Although dated as 1867, this work was given a date of 1865 when it became housed in the Louvre in 1911. It is likely that the later date is, in fact, the correct one, or certainly more likely according to the local painter, Alexandre Dubourg. At the time, Monet, along with fellow artists, Courbet, Bazille, Boudin, and Jongkind, spent time at the Saint-Simeon farm where he worked on a number of snow-themed works. It was a quiet spot in Normandy frequented by all these artists in order to further their respective paintings. This particular work, of Honfleur, followed Courbet's snowscapes - where his typical motif was the stag and the hunter, Monet opted for a more deserted landscape. Here the cart, its driver, and the horseplay a minor role. It is the snow and the landscape that it envelops which is the dominant feature. Painting themes covered in the snow gave Monet another perspective with regard to light. The changes in color here are extremely subtle, yet they are vivid in their portrayal of the overall scene. It is a tranquil, everyday setting under a winter sky, while the ground, rooftops, and trees are covered in a picturesque and heavy covering of snow. Monet used a limited number of shades but has still captured the reflections, shadows, and light on his landscape. Monet was taken with the Normandy winter countryside and his snow pieces in the second half of the 1860s pay homage to this. This is an exquisite composition, carefully crafted with colors that "bleed" into one another while creating a beautiful work of Impressionism. Commentators cite that this particular work was greatly influenced by Japanese prints - they gave the effect of bright light reflecting off the snow as they were printed with translucent colored inks on light paper.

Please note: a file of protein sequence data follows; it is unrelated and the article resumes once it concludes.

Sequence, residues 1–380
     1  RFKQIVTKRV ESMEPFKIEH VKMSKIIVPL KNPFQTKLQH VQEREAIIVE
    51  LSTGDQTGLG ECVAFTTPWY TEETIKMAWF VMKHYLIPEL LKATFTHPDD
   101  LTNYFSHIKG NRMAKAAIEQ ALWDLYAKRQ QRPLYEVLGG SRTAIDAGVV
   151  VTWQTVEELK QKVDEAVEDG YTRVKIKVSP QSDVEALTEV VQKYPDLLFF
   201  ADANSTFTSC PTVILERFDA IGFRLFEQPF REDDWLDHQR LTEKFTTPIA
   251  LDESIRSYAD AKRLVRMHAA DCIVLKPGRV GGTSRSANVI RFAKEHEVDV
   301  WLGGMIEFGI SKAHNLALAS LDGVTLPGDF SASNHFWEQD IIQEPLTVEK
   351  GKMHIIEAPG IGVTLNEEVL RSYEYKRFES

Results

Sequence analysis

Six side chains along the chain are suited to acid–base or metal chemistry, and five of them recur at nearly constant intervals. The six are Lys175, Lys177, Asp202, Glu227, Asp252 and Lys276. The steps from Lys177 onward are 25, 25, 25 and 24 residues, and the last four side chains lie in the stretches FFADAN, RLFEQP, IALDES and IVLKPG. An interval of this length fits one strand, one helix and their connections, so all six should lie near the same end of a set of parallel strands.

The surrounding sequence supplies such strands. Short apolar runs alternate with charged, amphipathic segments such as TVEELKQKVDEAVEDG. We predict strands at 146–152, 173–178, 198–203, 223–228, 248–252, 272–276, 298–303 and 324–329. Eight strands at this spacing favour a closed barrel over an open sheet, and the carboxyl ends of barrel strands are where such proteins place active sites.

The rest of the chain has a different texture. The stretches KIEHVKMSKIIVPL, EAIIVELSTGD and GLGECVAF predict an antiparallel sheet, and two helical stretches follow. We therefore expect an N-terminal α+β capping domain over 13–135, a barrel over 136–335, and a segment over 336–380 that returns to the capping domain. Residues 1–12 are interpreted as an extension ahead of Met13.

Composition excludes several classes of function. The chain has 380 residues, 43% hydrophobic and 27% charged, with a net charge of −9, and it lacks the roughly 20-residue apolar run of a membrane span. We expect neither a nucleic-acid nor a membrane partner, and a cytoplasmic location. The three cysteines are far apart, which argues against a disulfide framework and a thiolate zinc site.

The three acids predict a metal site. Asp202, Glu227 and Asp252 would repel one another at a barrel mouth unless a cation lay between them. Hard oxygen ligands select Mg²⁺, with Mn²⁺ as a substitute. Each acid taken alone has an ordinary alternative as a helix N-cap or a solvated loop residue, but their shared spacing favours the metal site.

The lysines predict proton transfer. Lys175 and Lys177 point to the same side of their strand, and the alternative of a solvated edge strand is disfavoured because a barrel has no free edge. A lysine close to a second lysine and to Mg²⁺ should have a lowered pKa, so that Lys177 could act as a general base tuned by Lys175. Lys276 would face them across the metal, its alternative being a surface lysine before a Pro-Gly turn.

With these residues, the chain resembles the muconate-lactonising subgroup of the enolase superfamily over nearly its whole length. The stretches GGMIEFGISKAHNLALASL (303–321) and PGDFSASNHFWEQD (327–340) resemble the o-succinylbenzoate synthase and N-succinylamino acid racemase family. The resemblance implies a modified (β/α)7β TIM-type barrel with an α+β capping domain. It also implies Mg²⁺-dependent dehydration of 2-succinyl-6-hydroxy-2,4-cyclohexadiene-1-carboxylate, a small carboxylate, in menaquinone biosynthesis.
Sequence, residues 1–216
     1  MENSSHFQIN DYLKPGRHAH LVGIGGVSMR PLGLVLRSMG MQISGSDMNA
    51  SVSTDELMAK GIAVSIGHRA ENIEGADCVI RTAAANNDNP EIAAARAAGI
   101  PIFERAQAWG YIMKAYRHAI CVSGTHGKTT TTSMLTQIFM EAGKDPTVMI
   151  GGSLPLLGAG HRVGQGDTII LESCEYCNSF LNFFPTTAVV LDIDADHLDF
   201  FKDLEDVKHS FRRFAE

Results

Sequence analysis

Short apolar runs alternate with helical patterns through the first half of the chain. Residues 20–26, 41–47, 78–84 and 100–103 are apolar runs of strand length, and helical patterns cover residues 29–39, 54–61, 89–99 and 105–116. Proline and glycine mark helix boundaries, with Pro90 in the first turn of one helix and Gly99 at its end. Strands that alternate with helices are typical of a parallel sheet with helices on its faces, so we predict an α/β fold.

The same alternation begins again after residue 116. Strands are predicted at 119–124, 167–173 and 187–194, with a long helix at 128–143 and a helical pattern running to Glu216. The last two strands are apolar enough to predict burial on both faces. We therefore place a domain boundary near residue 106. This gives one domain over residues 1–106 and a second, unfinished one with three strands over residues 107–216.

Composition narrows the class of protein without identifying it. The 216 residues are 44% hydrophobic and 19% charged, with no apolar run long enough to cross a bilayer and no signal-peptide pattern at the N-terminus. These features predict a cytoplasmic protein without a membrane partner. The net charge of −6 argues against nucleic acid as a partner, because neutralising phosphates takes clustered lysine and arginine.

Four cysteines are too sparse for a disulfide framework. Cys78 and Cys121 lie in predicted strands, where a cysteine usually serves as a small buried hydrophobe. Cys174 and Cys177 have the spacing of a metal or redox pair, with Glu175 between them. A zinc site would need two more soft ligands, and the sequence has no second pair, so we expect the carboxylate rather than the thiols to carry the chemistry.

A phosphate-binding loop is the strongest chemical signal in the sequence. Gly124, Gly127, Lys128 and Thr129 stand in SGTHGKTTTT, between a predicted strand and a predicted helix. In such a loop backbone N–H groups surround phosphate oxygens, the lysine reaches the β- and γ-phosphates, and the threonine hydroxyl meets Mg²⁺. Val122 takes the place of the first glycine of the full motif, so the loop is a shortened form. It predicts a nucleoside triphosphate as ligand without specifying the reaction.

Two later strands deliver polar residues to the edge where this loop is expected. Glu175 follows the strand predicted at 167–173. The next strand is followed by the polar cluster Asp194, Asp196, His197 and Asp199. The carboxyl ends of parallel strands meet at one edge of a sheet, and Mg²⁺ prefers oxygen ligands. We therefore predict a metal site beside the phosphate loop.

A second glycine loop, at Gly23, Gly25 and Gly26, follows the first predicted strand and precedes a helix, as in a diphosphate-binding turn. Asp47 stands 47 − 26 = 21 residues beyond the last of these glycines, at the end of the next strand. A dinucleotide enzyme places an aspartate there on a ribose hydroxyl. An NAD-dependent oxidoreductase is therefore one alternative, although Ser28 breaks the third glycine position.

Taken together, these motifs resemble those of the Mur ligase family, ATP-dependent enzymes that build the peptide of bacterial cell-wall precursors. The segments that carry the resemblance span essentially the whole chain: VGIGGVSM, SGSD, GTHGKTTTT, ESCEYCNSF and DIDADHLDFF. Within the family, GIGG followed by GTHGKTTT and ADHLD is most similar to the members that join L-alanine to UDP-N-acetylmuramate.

The painting is thought to be heavily influenced by the snowscapes of Japanese artist Katsushika Hokusai, such as Eijiri in the Province of Suruga. Aspects such as the single vanishing point and varied colors of snow can also trace their influences back to Japan.